Posts Tagged ‘Red book tone routine’

COMFY-6502: a slight correction

February 11, 2008

After all the work to write a post showing off COMFY-6502’s ability to reproduce the Red Book tone routine, I made a slight mistake in translation. The code I presented differed ever-so-slightly from the Red Book routine in the case where the Y-register reached zero.
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COMFY-6502: work in progress

February 5, 2008

As I’ve mentioned before, I’ve become intrigued by Baker’s COMFY assembler, and have been working on porting it to Common Lisp, and making it a bit more powerful in the link stage.

One metric to judge the success of this kind of “medium-level” language is how well it compiles compared to hand-written assembler code. For the 6502, there are a few examples of code created by wizards like Steve Wozniak, which you can find copies of around the web, the largest being the Apple II monitor, the Integer Basic interpreter, and some medium-sized ones like the Apple II 6502 step/trace, the mini-assembler, the floating-point “Wozpack,” and the Sweet-16 virtual machine.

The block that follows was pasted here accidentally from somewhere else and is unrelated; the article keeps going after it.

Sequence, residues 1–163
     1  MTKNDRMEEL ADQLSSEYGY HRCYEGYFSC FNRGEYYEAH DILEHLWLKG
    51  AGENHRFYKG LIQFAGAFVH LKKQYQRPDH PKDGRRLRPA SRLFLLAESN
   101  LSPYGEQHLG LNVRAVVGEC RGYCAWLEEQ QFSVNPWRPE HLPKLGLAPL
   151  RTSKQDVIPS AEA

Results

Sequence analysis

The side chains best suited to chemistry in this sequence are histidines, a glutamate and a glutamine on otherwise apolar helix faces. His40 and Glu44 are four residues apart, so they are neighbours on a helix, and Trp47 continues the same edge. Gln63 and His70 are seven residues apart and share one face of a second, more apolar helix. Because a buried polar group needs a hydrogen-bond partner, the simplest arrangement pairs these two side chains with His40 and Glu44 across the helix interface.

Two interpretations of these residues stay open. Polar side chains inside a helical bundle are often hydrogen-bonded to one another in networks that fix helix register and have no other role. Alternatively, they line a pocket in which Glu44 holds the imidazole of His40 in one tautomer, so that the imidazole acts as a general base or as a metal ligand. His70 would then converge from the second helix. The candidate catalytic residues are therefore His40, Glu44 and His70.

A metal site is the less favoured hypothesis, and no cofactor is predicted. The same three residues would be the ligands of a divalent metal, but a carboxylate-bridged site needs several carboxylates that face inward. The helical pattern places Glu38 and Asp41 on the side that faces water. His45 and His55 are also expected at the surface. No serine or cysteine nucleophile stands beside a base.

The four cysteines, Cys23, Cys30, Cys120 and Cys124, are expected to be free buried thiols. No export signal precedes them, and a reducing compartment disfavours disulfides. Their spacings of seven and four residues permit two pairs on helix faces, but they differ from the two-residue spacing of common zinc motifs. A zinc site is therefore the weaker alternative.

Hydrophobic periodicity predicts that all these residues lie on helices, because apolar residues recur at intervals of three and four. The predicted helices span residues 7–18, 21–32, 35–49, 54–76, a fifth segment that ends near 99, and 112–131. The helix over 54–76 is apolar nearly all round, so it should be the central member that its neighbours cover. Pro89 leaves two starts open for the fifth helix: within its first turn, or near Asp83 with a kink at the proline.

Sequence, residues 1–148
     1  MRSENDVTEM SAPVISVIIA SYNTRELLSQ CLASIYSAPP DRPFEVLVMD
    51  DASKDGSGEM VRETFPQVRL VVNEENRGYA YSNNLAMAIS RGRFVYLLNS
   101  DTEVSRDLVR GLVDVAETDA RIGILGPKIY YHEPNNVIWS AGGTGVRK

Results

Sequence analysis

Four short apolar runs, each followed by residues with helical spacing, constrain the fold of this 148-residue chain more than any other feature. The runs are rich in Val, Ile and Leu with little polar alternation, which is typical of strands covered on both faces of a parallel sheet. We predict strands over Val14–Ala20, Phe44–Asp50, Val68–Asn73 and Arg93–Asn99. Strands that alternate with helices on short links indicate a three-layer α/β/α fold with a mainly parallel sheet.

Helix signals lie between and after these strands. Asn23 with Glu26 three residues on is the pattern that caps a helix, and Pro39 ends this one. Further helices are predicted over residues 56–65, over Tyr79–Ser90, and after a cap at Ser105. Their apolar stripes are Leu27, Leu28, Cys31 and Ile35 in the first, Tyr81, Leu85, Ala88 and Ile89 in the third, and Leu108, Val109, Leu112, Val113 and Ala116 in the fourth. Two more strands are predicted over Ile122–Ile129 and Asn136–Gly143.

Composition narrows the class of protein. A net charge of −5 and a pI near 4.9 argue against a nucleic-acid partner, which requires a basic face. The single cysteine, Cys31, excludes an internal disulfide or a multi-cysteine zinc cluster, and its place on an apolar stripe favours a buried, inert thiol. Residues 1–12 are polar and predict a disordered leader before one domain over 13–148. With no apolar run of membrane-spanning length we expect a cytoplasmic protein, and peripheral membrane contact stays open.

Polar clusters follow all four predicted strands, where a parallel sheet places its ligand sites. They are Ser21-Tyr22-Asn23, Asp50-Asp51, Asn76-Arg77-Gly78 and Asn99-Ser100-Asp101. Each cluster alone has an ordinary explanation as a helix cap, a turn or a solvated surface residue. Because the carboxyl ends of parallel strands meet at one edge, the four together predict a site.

This kind of code has a lot of quirks that make it hard to straight-forwardly translate: lots of shared “tail code”, branches known by the programmer to always be taken (to save a precious extra byte consumed by an unconditional JMP), and the classic “fake RTS trick”, pushing a return address picked from a table onto the stack, then using an RTS instead of a zero-page indirect JMP. Common in Woz’s code is a further shortening of the code by arranging the destination addresses to all be in the same 256-byte page, so the high-order byte is a constant. Some of these ideas will likely be possible with intelligent macros, combined with address labels and computation on those labels. I’m puzzling a bit over how to optimize the “same page” condition: whether to include a “link-time assert”, which will issue an error if the code is emitted so as to cross a page, or an even more intelligent “link-time computation” which, given the current available memory space, can choose a location that meets the constraints.
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